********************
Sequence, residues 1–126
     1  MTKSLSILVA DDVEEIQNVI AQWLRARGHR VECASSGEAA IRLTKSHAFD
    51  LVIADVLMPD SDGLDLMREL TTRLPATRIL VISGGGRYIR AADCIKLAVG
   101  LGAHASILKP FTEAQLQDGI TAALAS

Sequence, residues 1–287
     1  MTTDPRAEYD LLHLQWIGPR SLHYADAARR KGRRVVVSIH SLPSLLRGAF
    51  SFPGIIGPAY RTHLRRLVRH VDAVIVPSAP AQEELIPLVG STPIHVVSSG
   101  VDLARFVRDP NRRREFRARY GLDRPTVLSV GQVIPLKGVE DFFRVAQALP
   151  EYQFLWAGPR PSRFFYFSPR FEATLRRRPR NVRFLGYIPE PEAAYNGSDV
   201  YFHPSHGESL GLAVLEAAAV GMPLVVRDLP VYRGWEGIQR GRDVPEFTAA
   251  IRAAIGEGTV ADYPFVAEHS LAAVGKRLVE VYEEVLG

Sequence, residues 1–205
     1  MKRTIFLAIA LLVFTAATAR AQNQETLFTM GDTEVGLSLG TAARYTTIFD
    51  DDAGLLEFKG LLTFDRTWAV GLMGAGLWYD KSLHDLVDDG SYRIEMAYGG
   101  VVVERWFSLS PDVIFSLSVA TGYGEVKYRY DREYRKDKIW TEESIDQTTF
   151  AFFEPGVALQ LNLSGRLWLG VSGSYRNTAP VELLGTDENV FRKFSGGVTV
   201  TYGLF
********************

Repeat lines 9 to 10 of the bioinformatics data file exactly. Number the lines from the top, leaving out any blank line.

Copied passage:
   151  EYQFLWAGPR PSRFFYFSPR FEATLRRRPR NVRFLGYIPE PEAAYNGSDV
   201  YFHPSHGESL GLAVLEAAAV GMPLVVRDLP VYRGWEGIQR GRDVPEFTAA